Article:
4 THEMES IN 2018
Kevin Michels, CFP®, EA | January 25, 2018
2017 proved to be a great year for not only the U.S. stock markets, but international markets as well. The S&P 500 Index, which represents the 500 largest publicly traded companies in the United States was up 22% in 2017, while developed international markets rose 27% and emerging international markets rose 37%.
A lot went right for the stock markets in 2017, namely the anticipation and fulfillment of tax reform, as well as deregulation here in the United States and overseas which all led to higher corporate earnings, steady job growth, low unemployment, and slightly higher wages.
Many of the factors that contributed to the outstanding growth in 2017 will most definitely carry over in 2018. However, 2018 will face some unique challenges of its own in the form of not-so-friendly monetary policy and a much longer-than-average bull market.
As we enter the ninth year of the current bull market and economic expansion, here are 4 important themes to keep an eye on in 2018:
Rising Interest Rates
Since dropping the Federal Funds rate to 0% in 2008, the Federal Reserve had only felt confident enough to raise rates by a quarter of point 3 times before 2017, in December of 2008, 2015, and 2016. In 2017 alone we saw three additional increases of a quarter point, in March, June, and December. The Fed feels confident enough now to raise interest rates slowly but steadily and we could see 2-4 more increases in 2018.
Low interest rates have fueled a lot of the growth over the past decade as corporations have been able to expand due to the low cost of obtaining capital through financing. In addition, due to the low yields bonds have offered over the past decade, many investors have shifted funds from bonds to stocks which has driven prices upwards.
Even with the rate hikes in 2017 and the expected hikes in 2018, interest rates are still historically low, which as stated before, greatly benefits companies trying to grow. However, with interest rates rising and getting closer to normal levels, we could see more conservative investors shift their money back to bonds offering more attractive yields.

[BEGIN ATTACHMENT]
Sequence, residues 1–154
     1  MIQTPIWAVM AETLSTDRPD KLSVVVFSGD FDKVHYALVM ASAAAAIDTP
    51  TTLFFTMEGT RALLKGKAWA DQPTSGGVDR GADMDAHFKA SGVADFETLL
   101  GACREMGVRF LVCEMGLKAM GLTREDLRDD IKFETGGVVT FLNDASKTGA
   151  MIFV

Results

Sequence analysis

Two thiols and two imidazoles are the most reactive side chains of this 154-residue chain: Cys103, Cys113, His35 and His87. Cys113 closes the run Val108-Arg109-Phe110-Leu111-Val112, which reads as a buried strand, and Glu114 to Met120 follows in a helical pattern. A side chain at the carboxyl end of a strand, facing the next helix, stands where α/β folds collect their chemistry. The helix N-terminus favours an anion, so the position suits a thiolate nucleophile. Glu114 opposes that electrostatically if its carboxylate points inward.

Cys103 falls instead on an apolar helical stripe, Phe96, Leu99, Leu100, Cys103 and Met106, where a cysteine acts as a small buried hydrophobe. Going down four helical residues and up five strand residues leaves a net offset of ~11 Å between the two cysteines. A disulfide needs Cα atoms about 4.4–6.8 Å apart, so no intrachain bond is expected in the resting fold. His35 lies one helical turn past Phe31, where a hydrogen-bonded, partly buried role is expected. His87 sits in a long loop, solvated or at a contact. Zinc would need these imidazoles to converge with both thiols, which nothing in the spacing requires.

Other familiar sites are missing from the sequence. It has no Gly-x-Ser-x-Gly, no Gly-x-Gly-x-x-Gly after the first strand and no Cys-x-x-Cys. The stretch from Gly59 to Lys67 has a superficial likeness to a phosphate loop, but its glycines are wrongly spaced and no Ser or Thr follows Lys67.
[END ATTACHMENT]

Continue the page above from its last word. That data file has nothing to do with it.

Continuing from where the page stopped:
Withdrawal of Quantitative Easing (QE)
During the financial crisis of 2008, as part of the Federal Reserve’s strategy to stimulate the economy, they began to inject money into the economy by printing new money and buying government bonds, a policy known as Quantitative Easing (QE).
As the economy slowly recovered, the Federal Reserve began withdrawing from QE. In 2014, they began to taper money printing and government bond purchases down to zero. Last year, they actually began “deleting” some of the printed money from the financial system as well.
One of the biggest benefits we saw from Quantitative Easing was a much less volatile stock market. QE injects more money into financial markets and takes an equal amount of safe government bonds off the market. The combination of more money being created, and that money being invested in the stock market, instead of government bonds, has led to a very steady growth in stock prices. As QE draws to a close, the stock market will most likely return to its normal level of volatility which means more frequent 10% to 15% market corrections, which is common and healthy market behavior.
Tax Reform & Strong Corporate Earnings
Anticipation of tax reform, and more specifically lower corporate tax rates, was one of the factors that fueled positive investor sentiment throughout 2017. Late December, the Tax Cuts and Jobs Act was passed and the corporate tax rate was reduced to 20%.